Mar 16, 2012
By Tyler P. Esno
Many Ohio University students and Athens residents have heard the myths, legends, and horror stories about the former Athens Lunatic Asylum, located at The Ridges.
Those who venture up to The Ridges may even find themselves taken aback by the hospital's imposing architecture and barred windows. They may also wonder why anyone would put an insane asylum overlooking the river and university in the rolling hills of southeastern Ohio.
In her upcoming book, "Asylum on the Hill: History of a Healing Landscape," Ohio University alumnus Katherine Ziff cuts through the sensational fog surrounding the Athens mental institution to reveal its early history and purpose in late nineteenth-century Ohio.
Ziff's "Asylum on the Hill" tells the story of a genuine endeavor to provide mental care to southeastern Ohioans traumatized by the Civil War and struggling to make ends meet in a severe economic downturn.
Ziff recounts the mental institution's founding and early years of operation between 1874 and 1893 through the personal lives and experiences of Athens residents, patients and doctors. These stories
offer readers a glimpse at a time when judges and doctors had absolute authority to commit individuals to the hospital and Americans were dealing with the social tensions arising from industrialization and urbanization.
While serving the community's social needs, the asylum was also intended to heal individuals through compassionate care, calming landscapes, art, exercise, and personal attention. Through pleasing landscapes, designed by Frederick Law Olmsted's student, Herman Haerlin, the institution offered patients a retreat from the chaos and stress of life. At the same time, doctors held one-on-one sessions
with patients in which the committed could talk through their illnesses.
The book contains scores of stunning archival photographs that help readers reconstruct the asylum's beautiful landscapes, elegant halls, and soothing therapy sessions as well as separate, concise chapters
focusing on the institution's patients, architecture, and landscapes. In addition to covering the asylum's early years, Ziff delivers an epilogue tracing Ohio University's 1988 acquisition and subsequent renovation of The Ridges.
In an interview, Katherine Ziff stated, "Asylum on the Hill" is an extension of my doctoral research in counselor education at Ohio University," which her undergraduate and graduate work in sociology and public policy also shaped.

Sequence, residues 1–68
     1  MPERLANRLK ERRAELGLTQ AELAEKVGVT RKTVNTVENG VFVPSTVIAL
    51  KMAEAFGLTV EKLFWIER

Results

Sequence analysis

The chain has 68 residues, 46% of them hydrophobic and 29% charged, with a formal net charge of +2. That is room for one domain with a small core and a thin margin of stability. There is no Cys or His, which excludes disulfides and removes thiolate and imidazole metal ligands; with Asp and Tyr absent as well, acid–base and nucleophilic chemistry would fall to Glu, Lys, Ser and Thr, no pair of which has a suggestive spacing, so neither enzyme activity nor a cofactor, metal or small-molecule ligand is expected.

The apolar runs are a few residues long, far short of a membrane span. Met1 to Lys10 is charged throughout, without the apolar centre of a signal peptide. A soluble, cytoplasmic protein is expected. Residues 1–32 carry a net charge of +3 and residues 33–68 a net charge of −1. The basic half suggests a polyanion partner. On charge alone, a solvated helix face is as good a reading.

This book contains intriguing stories about the institution's early figures including patients like "the coal miner from Nelsonville who was committed to the asylum because he was trying to start a labor union" and politicians such as Athens state legislator William Parker Johnson whose "adroit political moves secure(d)" the asylum for Athens. Altogether, Ziff maintains that "to know the history of our asylum in Athens is to know the history of our community" since it "was the major employer" and is now the town's "parkland and playground."
Katherine Ziff's "Asylum on the Hill" is generating a lot of well-deserved attention in southeastern Ohio, and she has a full schedule of public events as a result.
To celebrate the release of "Asylum on the Hill," Ohio University Press is hosting a free public event with Katherine Ziff at The Kennedy Museum of Art, located at The Ridges, on Friday, March 30 from 5-7 p.m.
Items relating to the former mental institution will be featured in displays arranged by Ohio University's Mahn Center for Archives and Special Collections and the Athens County Historical Society.
There will also be a self-guided tour of The Ridges from 3-5 p.m. in which visitors may look inside some of the institution's buildings while learning about their current use.
Tourists will be able to obtain a new map of The Ridges produced by Ohio University Press that complements "Asylum on the Hill." Copies of both the map (free) and "Asylum on the Hill" ($35) will be available at The Kennedy Museum of Art and Ohio University Press, also located at The Ridges.
For more information about the event, click here or email Jeff Kallet, Ohio University Press publicist, at Kallet@ohio.edu.